The best response to the current military challenges is direct contact between the political, the strategic and the tactical by conducting a discourse of experts, utilizing thinking practices that transform complexities into simple definitions of the problem, and assimilate the outcome of the discourse into the principles of planning and the common language between commanders.
We propose to base the thinking processes on the following ideas:
There needs to be a return to a three-level hierarchy of thinking and conceptualization – policy, strategy and tactics. These three levels of thinking exist at all levels of the command structure – from the Prime Minister who thinks mostly about policy but also considers strategy and tactics, down to the junior commander who focuses on the tactics of actual combat but also considers the political and strategic ramifications of the situation he is facing.
The senior level of the command structure – between the Chief of Staff and the Division commander – is the area where the significant friction between considerations of policy, principles of strategy and practice of tactics takes place. This friction occurs only in the mind of the commander. However, it is based on brainstorming between experts of policy, strategy and tactics. In this process the participants create simple insights (not simplistic or shallow) of the complex environment through learning, analysis and conceptual design.
When structuring the process it is better to define working methods such as groups of experts, knowledge networks and study groups led by the commander, rather than organizational structures. So long as the commander facilitates the meeting of experts, the process can be based on a variety of methods consistent with the personal command method of the commander, the character of the problems facing him and the character of the action and the organizations participating in the action. One of the possible tools in this process is analyzing the strategic and tactical contexts via the Systems Approach.
The result should be the creation of a common understanding between the senior commander and his tactical subordinates in all that pertains to his intentions for achieving the political goals, the central strategic concept and the principles defining the tactical actions. This understanding will be the foundation for the operational plan and expressed in the operational order.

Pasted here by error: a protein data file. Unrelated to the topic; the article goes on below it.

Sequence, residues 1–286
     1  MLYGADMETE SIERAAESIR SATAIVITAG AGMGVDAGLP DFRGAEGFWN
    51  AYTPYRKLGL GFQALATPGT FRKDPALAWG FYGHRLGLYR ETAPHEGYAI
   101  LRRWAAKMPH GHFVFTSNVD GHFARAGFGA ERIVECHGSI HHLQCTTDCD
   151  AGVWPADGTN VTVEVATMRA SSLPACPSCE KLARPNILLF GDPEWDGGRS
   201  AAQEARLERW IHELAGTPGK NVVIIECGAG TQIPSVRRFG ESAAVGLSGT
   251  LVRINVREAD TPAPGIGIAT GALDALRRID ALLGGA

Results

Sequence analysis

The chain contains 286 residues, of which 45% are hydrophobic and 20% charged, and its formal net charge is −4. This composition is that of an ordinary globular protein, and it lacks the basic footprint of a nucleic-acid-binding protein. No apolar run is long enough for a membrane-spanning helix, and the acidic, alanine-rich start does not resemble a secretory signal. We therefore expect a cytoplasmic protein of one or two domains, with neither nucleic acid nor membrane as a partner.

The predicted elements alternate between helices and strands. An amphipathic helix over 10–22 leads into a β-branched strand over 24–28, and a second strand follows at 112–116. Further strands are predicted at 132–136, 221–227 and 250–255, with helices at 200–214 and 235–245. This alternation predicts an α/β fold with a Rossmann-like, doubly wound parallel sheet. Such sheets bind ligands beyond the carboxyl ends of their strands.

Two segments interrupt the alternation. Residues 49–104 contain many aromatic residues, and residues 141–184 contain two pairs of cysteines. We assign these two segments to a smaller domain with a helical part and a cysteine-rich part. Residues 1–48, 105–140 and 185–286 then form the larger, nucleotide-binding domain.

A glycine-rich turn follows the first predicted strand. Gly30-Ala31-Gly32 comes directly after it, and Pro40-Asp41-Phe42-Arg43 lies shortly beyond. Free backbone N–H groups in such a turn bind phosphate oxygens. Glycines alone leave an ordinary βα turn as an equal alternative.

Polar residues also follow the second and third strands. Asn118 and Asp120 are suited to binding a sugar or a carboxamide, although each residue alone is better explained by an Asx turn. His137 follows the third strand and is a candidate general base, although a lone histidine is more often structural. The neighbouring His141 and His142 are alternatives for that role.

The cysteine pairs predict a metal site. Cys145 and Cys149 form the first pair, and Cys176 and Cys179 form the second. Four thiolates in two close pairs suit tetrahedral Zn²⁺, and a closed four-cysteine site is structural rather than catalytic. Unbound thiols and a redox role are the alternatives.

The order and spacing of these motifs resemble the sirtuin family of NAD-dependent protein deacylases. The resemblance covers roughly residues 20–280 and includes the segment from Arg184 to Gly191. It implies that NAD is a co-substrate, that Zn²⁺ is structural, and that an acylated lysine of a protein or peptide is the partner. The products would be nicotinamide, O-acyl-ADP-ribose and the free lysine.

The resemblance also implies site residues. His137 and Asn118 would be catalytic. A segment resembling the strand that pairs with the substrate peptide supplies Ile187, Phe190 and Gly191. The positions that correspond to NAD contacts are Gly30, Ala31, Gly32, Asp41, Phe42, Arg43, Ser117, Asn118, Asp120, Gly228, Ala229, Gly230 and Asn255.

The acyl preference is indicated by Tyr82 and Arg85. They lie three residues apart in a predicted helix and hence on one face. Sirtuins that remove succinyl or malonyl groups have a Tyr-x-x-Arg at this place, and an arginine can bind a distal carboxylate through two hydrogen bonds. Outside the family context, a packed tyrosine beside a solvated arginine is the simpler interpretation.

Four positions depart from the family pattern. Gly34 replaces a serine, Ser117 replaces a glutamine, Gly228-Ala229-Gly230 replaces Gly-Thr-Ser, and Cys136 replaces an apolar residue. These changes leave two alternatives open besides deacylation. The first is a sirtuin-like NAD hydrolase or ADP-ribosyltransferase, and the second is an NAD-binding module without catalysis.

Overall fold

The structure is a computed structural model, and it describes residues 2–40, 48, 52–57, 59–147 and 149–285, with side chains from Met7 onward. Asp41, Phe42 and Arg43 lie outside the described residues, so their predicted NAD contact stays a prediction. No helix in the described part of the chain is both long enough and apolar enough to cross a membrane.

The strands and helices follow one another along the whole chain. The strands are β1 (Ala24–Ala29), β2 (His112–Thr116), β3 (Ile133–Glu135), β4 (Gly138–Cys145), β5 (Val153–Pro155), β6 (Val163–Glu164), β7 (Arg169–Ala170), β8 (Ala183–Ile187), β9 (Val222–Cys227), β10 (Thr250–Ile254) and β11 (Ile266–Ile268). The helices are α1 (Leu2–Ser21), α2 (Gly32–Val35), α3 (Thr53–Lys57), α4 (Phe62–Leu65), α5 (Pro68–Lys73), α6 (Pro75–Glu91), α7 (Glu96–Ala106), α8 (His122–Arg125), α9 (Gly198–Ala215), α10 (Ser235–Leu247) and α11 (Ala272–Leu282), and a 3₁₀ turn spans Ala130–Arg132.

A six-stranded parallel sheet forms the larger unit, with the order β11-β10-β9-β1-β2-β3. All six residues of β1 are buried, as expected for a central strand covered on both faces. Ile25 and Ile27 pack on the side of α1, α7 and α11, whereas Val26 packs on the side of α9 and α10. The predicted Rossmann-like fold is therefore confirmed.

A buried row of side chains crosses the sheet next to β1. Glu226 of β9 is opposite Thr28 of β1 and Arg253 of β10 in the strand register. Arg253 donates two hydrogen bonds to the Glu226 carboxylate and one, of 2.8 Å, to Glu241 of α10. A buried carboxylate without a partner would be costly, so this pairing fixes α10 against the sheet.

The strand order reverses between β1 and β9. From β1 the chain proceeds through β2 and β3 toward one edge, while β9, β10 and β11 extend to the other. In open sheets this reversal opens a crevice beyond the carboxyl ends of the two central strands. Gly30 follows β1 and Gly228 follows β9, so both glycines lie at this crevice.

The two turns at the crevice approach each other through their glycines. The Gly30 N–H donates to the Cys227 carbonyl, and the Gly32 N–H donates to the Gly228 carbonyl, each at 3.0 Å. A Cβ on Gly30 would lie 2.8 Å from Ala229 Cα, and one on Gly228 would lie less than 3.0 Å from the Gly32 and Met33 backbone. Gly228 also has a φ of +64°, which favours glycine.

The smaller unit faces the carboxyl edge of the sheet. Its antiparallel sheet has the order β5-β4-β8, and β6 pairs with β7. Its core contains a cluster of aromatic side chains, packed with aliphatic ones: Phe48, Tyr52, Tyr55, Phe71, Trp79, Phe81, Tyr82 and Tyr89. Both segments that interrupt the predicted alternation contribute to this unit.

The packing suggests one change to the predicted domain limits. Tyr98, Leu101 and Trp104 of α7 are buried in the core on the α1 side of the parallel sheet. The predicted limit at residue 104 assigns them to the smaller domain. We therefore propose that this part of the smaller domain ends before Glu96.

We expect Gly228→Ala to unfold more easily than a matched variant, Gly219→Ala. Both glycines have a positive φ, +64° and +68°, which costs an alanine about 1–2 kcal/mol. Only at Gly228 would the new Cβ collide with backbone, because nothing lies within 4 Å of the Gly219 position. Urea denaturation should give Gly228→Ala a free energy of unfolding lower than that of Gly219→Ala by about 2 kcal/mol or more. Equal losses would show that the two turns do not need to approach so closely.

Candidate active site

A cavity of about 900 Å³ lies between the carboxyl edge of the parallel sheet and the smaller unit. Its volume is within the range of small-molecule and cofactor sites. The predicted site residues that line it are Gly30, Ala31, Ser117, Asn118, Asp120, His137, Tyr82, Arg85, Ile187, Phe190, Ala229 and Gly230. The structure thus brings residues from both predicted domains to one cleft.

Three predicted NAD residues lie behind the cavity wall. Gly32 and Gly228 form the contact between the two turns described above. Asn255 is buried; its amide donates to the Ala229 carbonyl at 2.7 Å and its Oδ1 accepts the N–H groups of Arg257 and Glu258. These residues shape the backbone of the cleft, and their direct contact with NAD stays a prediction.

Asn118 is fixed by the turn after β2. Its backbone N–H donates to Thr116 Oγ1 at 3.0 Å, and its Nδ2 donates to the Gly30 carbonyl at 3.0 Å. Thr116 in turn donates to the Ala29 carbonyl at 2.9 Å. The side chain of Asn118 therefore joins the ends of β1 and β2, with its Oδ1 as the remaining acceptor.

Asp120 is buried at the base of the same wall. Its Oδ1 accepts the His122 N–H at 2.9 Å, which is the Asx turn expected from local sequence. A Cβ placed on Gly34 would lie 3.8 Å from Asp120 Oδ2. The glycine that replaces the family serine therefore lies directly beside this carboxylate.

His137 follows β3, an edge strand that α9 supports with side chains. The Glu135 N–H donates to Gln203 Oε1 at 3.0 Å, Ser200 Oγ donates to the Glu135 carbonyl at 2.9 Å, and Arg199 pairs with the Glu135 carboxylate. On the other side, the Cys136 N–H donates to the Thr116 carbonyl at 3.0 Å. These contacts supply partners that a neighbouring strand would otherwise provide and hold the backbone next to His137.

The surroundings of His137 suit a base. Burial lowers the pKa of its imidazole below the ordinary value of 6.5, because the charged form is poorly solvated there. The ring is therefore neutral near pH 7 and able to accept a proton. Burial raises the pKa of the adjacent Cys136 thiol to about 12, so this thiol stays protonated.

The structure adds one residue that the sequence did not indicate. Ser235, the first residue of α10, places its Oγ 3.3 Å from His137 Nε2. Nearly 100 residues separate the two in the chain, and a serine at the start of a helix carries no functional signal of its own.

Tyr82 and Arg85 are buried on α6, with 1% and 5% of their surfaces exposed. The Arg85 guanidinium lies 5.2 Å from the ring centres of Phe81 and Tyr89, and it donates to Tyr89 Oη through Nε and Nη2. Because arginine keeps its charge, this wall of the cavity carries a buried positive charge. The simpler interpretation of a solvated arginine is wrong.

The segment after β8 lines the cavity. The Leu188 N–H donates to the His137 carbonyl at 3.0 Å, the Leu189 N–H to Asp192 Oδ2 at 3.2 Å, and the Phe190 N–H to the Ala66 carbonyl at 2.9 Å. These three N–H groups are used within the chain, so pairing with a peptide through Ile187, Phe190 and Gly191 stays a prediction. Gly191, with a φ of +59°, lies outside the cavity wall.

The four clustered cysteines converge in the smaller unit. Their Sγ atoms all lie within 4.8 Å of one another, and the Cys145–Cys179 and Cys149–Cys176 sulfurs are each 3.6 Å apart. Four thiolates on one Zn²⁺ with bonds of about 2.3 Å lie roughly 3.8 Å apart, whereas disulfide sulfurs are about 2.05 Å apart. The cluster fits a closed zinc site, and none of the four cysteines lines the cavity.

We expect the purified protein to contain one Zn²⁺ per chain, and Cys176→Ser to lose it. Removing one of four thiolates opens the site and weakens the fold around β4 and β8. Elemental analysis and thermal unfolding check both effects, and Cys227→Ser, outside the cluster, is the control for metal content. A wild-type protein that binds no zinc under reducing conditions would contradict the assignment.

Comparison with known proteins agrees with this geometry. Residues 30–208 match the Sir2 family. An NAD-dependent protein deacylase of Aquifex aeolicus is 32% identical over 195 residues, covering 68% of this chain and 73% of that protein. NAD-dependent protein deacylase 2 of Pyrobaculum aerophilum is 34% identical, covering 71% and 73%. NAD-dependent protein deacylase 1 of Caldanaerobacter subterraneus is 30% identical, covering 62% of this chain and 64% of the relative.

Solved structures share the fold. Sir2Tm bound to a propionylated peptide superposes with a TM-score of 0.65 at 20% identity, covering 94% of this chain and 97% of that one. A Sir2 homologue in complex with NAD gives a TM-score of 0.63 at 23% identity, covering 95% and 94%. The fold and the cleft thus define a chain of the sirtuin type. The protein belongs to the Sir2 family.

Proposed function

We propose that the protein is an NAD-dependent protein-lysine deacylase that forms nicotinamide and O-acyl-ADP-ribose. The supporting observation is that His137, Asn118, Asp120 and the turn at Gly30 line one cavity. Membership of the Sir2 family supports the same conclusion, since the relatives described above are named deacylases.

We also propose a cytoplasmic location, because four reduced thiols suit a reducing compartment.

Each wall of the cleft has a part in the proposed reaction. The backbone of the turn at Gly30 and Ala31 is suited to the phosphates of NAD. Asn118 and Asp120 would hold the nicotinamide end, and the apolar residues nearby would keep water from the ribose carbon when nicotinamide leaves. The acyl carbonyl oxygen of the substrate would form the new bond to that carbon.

It is a mistake to create new functions and add headquarters and levels to the command hierarchy because these prevent free exchange of thoughts and knowledge between the senior commander, the junior commanders and the experts. Action in a complex environment, lacking in certainty, especially when using military force, requires constant study and brain-storming between senior and junior commanders and between the commanders and the experts.
Within this framework, the process is intended to provide the subordinate commanders with sufficient freedom of action and flexibility to respond, according to the spirit of the commander’s intent, to any rapid change in the situation even before its implications have been fully explored in the study and brain-storming process.
The process and its products must be expressed in simple terms – clear unambiguous terminology; structured expressions; maintaining differentiated professionalism and expertise; filtering of data relevant for drawing the situation; and creation of correct contexts between the various levels.
Thus the actual need for an operational level no longer serves the purpose it was designed to. It may actually be said to have become an impediment to the process required.
[i] Clausewitz, C. von, On War, Howard, M. & Paret, P, (ed. and trans.), Priceton University Press, 1976, pp xxxvi – xxxvii. All following references are to this version.
[ii] Clausewitz, “Two Notes by the Author on His Plans for Revising On War”, OnWar, pp 77 – 79.
[iii] Clausewitz, OnWar, pp 83 - 101.
[iv] Clausewitz, OnWar, pg 207.
[v] Clausewitz, OnWar, pp 164, 265.
[vi] Clausewitz, OnWar, pg 266.
[vii] Naveh, S., In Pursuit of Military Excellence – The Evolution of Operational Theory, Routledge, 1997, pg 1.
[viii] Naveh, In Pursuit of Military Excellence, pg 3.
[ix] Naveh, In Pursuit of Military Excellence, pg 10 - 11.
[x] Naveh, In Pursuit of Military Excellence, pp 6 - 7.
[xi] Naveh, In Pursuit of Military Excellence, pp 14
[xii] Naveh, In Pursuit of Military Excellence, pp 4 - 6.
[xiii] Naveh, In Pursuit of Military Excellence, pp 13 – 14.
[xiv] Naveh, In Pursuit of Military Excellence, pp. 16 - 19.
[xv] Nir, Shmuel (“Semo”), Limited Conflict – Collection of Articles (Hebrew), IDF Doctrine and Training Division, 2004.
[xvi] Smith, R., The Utility of Force – The Art of War in the Modern World, Vintage, 2007, pp 371 – 404
[xvii] The US Army and Marine Corps, Counterinsurgency Field Manual 3-24, Chicago: The University of Chicago Press, 2007, pp. 137 - 150.